“Didn’t Make Any Sense”: Clint Eastwood’s Oscar-Winning Iraq War Movie Gets Middling Accuracy Score


Clint Eastwood’s Oscar-winning Iraq War film, American Sniper, gets reviewed by a Veteran of the conflict and earns a middling realism grade.

American Sniper, an Oscar-winning Iraq War movie directed by Clint Eastwood, gets a mixed review from a combat Veteran. Released in 2014, American Sniper stars Bradley Cooper as real-life figure Chris Kyle, one of the most deadly snipers in U.S. history. The film is loosely based on Kyle’s own memoir of the same name, which hit shelves in 2012. Eastwood’s film was a box office success and ended up taking home the Oscar for Best Sound Editing, though it was nominated for five others.

In a recent video for Insider, Iraq War Veteran Jay Dorleus watches American Sniper scenes and breaks down just how accurate they are compared to his real-world combat experience.

According to Dorleus, the film gets a number of things wrong, especially as it relates to the portrayal of a VBIED, or vehicle-borne improvised explosive device, and military tactics. Read selections of his analysis below:

“The formation that they’re using right here to patrol through the city is not one that I recommend, nor have I ever seen done downrange. What you have here is just a cluster of people just walking down the street. All it takes is a grenade or an RPG to be fired at them and they would take multiple casualties. When in reality what they should be doing is either push the vehicles ahead of them or push the vehicles behind them. And then between the personnel themselves they should have at least five meters of standoff in between them.”

“If I have any suspicion that a vehicle-borne IED is coming towards me, the first thing I’m going to do is take cover because when it does go off shrapnel is going to go everywhere. If you’re just standing on the road like these guys were you’re probably going to get hit by something.

“They were essentially in a line firing at the car and then Chris Kyle is firing from above. They’re in his line of fire. So a lot could have gone wrong with just them standing in the road like that. In reality, what they should have done is get behind cover and then engage the car.


“I would give American Sniper a five out of 10 mainly because of the realism with the VBIED and then also the technique that these guys use as they were patrolling just didn’t make any sense.”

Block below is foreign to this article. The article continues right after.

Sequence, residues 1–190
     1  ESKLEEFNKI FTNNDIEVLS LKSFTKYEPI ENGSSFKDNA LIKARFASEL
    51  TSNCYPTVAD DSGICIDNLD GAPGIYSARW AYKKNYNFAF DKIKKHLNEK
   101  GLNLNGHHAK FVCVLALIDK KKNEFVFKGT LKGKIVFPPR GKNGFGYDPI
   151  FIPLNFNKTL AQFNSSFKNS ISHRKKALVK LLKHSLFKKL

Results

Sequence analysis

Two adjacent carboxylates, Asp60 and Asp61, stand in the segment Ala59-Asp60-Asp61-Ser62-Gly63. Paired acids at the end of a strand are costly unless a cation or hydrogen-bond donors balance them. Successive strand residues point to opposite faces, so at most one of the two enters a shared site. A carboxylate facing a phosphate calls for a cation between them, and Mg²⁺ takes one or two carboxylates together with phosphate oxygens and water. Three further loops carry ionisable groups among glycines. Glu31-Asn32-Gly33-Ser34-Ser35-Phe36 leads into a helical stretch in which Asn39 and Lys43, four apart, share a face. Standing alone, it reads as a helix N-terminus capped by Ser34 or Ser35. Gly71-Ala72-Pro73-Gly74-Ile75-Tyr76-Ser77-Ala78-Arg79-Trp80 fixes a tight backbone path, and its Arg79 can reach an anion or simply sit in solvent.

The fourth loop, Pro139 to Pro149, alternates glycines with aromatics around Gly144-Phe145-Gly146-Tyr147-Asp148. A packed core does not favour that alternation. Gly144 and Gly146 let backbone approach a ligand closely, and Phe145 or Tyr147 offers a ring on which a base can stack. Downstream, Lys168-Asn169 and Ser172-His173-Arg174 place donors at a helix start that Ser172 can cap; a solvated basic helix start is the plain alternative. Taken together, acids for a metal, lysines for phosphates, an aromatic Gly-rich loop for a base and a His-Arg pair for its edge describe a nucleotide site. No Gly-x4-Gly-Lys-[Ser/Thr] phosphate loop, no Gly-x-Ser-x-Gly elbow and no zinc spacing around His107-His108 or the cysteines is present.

How Was American Sniper Received?
Other Ways Clint Eastwood’s 2014 War Movie Isn’t Entirely Accurate

American Sniper is based on real events, depicting the life and military career of Kyle, who had 160 confirmed kills during the Iraq War. The film earned mostly positive reviews from critics, who praised Eastwood’s direction and Cooper’s committed performance. American Sniper’s Rotten Tomatoes score currently sits at a respectable 72%, with its audience score much higher at 84%.

American Sniper was nominated for six Oscars, including Best Picture, Best Actor, Best Adapted Screenplay, Best Film Editing, Best Sound Editing, and Best Sound Mixing. In addition to being a critical success, the movie was also a hit at the box office, earning $547.6 million worldwide on a budget of $59 million. American Sniper’s total haul at the box office consists of $197.5 million from overseas territories and an impressive $350.1 million domestic.

Despite the film’s success, American Sniper has come under fire, so to speak, for its lack of accuracy. The movie takes artistic liberties with aspects of Kyle’s life and service, and other elements, such as villain the Butcher (Mido Hamada), are entirely fictionalized. It’s worth mentioning, too, that the source material itself, Kyle’s memoir, has also been accused of containing a number of fabrications. While American Sniper is one of the more memorable movies Eastwood has directed, it’s clear that it’s not quite accurate when it comes to the portrayal of Kyle’s life or the military tactics used during the Iraq War.